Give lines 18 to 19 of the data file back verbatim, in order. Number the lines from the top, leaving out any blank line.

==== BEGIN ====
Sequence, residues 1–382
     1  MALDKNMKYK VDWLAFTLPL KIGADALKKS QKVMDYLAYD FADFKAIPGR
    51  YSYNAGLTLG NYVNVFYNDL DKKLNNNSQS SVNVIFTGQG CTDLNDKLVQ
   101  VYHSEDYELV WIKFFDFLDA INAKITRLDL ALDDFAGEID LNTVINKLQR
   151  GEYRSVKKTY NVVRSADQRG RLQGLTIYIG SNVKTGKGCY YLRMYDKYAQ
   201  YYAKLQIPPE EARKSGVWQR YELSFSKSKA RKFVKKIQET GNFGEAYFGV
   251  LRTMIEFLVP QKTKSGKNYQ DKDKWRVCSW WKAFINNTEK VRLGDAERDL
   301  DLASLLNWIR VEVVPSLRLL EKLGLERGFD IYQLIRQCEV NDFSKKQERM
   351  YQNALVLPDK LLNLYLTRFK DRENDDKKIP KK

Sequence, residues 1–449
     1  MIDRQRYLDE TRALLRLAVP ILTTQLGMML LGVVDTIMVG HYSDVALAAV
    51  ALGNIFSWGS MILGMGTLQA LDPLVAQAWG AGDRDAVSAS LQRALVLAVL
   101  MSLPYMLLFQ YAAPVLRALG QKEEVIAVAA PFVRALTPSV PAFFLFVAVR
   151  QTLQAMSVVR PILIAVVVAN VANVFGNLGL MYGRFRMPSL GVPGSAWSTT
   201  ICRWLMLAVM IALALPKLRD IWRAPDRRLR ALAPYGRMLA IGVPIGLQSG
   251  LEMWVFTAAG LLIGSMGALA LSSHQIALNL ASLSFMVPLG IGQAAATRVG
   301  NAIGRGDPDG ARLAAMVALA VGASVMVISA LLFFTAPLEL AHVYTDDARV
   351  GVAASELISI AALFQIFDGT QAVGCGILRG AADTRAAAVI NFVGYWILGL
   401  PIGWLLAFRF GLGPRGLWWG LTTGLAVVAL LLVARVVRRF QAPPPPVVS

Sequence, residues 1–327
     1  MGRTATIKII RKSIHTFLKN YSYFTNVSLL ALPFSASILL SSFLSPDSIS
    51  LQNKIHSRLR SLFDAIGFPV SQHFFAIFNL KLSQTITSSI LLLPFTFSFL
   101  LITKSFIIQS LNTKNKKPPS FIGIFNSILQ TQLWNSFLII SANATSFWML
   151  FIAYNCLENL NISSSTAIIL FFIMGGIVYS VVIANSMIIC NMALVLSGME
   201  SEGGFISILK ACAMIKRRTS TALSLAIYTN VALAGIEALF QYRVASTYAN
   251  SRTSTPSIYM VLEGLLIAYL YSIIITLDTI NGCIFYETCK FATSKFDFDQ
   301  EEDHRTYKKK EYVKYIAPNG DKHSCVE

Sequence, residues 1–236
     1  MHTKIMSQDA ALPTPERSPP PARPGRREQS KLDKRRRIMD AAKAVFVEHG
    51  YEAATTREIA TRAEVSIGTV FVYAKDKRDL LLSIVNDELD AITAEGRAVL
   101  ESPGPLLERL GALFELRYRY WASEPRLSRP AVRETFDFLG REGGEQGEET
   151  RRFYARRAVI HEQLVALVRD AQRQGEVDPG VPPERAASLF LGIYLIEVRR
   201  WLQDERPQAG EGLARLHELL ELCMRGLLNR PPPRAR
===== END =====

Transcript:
   351  GVAASELISI AALFQIFDGT QAVGCGILRG AADTRAAAVI NFVGYWILGL
   401  PIGWLLAFRF GLGPRGLWWG LTTGLAVVAL LLVARVVRRF QAPPPPVVS